Liu Yan (warlord)

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For other people named Liu Yan, see Liu Yan (disambiguation).
Liu Yan
Born (Unknown)
Died 194[1]
Traditional Chinese 劉焉
Simplified Chinese 刘焉
Pinyin Liú Yān
Wade–Giles Liu Yen
Courtesy name Junlang (Chinese: 君郎; pinyin: Jūnláng; Wade–Giles: Chün-lang)
This is a Chinese name; the family name is Liu.

Liu Yan (died 194),[1] courtesy name Junlang, was a warlord who lived in the late Eastern Han dynasty. He was also a member of the extended family of the Han emperors. For most of his career he served as Governor of Yi Province (covering present-day Sichuan and Chongqing), which he developed into an independent power base. His domain was passed on to his son Liu Zhang, and eventually to Liu Bei, who founded the state of Shu Han during the Three Kingdoms period.


Liu Yan was a descendant of Liu Yu, who was Prince of Lu during the first half of the Han dynasty. Because his branch of the Liu family was powerful, and because he proved himself to be an able statesman, he quickly rose through the ranks of the court. The highest post he reached was that of Minister of Ceremonies (Taichang, 太常), or person responsible for ceremonies related to the emperor. During the reign of Emperor Ling, the central court became a politically dangerous place, which Liu Yan wanted to distance himself from. An advisor of his, Dong Fu (董扶), suggested requesting to be governor of Yi Province, at that time considered a backward and distant province of the Han empire. Liu Yan took the advice, and with his private army set off for his new post in 188.[2]

After arriving in Yi Province, Liu Yan was confronted with his first crisis. Ma Xiang (馬相) and Zhao Zhi (趙祗) started a rebellion in the region, claiming to be part of the Yellow Turban Rebellion. Liu Yan enlisted the help of powerful local families to raise an army and put down the rebellion.

Once firmly in control of the region, he plotted to gain independence from the central Han government. The first step in his plan was to send Zhang Lu and Zhang Xiu (張脩) to attack the forces of the official Han governor of Hanzhong, Su Gu (蘇固) and take over his territory. Zhang Lu first killed Zhang Xiu, and after absorbing the latter's armies he successfully managed to kill Su Gu and take control of the territory, which created an independent buffer state between Liu Yan's Yi Province and the Han central government.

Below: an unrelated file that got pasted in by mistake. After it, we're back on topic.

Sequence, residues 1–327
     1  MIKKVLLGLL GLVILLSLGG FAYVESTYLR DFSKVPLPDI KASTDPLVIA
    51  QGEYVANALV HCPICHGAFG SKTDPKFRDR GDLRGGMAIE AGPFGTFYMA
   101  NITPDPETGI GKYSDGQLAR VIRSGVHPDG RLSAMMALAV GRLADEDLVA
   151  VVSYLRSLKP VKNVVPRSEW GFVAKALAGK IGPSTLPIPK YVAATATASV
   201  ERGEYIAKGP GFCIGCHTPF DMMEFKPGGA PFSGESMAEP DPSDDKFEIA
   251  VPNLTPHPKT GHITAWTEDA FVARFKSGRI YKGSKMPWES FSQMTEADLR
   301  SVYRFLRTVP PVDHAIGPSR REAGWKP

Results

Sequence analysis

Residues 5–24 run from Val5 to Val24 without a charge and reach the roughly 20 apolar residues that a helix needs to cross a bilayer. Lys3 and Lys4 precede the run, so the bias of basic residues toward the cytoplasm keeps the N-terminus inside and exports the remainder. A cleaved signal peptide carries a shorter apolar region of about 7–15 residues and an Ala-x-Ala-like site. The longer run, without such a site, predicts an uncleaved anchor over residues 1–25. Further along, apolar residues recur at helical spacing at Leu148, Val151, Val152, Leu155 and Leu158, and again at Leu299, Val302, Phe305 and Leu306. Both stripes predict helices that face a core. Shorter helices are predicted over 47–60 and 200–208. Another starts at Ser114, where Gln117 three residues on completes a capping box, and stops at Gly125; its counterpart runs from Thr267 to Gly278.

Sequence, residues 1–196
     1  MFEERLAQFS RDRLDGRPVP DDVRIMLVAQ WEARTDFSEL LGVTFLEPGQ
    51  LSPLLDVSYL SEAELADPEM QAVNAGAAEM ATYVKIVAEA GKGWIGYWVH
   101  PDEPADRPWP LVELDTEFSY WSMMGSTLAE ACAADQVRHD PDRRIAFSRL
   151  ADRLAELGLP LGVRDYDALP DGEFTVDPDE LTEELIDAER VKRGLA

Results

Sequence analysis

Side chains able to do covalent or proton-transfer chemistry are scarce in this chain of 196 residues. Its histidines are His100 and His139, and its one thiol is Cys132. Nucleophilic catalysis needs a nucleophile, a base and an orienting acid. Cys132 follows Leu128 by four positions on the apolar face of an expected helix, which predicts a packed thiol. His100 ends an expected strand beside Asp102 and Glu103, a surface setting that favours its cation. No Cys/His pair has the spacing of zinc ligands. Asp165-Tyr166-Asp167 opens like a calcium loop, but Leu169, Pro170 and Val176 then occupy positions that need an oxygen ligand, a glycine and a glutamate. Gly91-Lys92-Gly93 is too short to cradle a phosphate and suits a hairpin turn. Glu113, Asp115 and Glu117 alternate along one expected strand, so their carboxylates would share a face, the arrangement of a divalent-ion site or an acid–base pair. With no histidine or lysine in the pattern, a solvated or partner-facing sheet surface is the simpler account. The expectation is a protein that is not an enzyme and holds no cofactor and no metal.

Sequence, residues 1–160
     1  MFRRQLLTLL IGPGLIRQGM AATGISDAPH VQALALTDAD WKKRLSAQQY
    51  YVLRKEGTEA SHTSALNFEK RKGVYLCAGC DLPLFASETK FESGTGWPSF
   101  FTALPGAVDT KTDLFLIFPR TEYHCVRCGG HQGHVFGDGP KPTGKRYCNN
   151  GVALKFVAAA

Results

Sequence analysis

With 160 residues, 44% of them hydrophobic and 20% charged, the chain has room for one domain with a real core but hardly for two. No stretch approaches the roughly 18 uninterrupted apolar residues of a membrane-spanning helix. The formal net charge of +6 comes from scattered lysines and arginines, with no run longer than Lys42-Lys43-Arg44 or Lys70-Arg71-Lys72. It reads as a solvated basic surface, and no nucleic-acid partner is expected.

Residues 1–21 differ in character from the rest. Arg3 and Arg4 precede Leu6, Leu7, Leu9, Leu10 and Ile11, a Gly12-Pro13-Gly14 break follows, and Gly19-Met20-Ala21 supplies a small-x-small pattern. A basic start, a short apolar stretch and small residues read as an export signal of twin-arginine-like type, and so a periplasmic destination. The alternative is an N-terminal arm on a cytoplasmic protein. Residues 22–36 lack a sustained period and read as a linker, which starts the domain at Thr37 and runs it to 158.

His next step in gaining control of the region was to rein in the power of the local families, who had their own wealth and large private armies. He executed the leaders of over 10 families, but another powerful family leader Jia Long (賈龍) banded together with others and rebelled. Although the armies of the families were powerful, Liu Yan's forces eventually prevailed. The next threat would be from the Qiang people, who attacked Liu Yan's capital of Mianzhu (綿竹). However, Liu Yan's forces were able to successfully defend their territory from being ravaged.

In 194, when Li Jue and Guo Si gained control of Chang'an after Dong Zhuo's death, three of Liu Yan's sons (Liu Fan, Liu Dan, and Liu Zhang) were in Chang'an serving in various government posts. Liu Yan joined forces with Han Sui and Ma Teng in an attempt to attack the capital and seize it. With the help of his sons in the city, the armies attacked, but were defeated. In the hasty retreat, Liu Fan and Liu Dan were captured by Li Jue's forces as they tried to flee Chang'an, and were tortured and killed. Liu Zhang, however, barely managed to escape and join up with his father, who returned once again to Yi Province.

In summer of the same year, Liu Yan's residence in Mianzhu was struck by lightning and burned down, forcing him to relocate his capital to Chengdu. Soon afterward, his third son Liu Mao died from illness. It is said that the grief caused by the loss of three sons caused him to develop an illness on his back, which would eventually cause his death later in the year.

His death left his fourth and youngest son Liu Zhang in control of Yi Province.


  • Sons:
    • Liu Fan (劉範), served as General of the Household of the Left, killed by Li Jue
    • Liu Dan (劉誕), served as Imperial Clerk Preparer of Documents, killed by Li Jue
    • Liu Mao (劉瑁), served as Senior Major
    • Liu Zhang, inherited Liu Yan's position as Governor of Yi Province
  • Daughters-in-law:
    • Lady Wu (吳氏), Liu Mao's wife, married Liu Bei after her husband's death, became known as Empress Mu
    • Lady Pang (龐氏), Liu Fan's wife, related to Pang Yi
    • Lady Fei (費氏), Liu Zhang's wife, Fei Guan (費觀)'s younger sister
    • Lady Cui (崔氏), Cui Yan's younger sister

Appointments and titles held[edit]

  • Gentleman of the Household (中郎)
  • Prefect of Luoyang (雒陽令)
  • Inspector of Ji Province (冀州刺史)
  • Administrator of Nanyang (南陽太守)
  • Minister of the Imperial Clan (宗正)
  • Minister of Ceremonies (太常)
  • Governor of Yi Province (益州牧)
  • Marquis of Yangcheng (陽城侯)

In fiction[edit]

In Luo Guanzhong's historical novel Romance of the Three Kingdoms, Liu Yan was the governor of You Province (幽州) in northern China[3] during the events of the Yellow Turban Rebellion. He met Liu Bei, who rallied an army of volunteers to help him fight the Yellow Turban rebels. In Chen Shou's Records of Three Kingdoms, however, there is no record of Liu Yan assuming governorship of You Province.

See also[edit]


  1. ^ a b Liu Yan's biography in Records of the Three Kingdoms stated that he died in the 1st year of the Xingping era (194-195) in the reign of Emperor Xian of Han. (... 興平元年,癕疽發背而卒。)
  2. ^ Rafe de Crespigny (1967). "An Outline of the Local Administrations of the Later Han Empire" (PDF). Chung-chi Journal: 57–71. 
  3. ^ Luo Guanzhong, Three Kingdoms: A Historical Novel: No. 1, translated by Moss Roberts. page 5. Foreign Languages Press. Tenth Printing 2007. First Edition 1995. Beijing, China 1995. ISBN 978-7-119-00590-4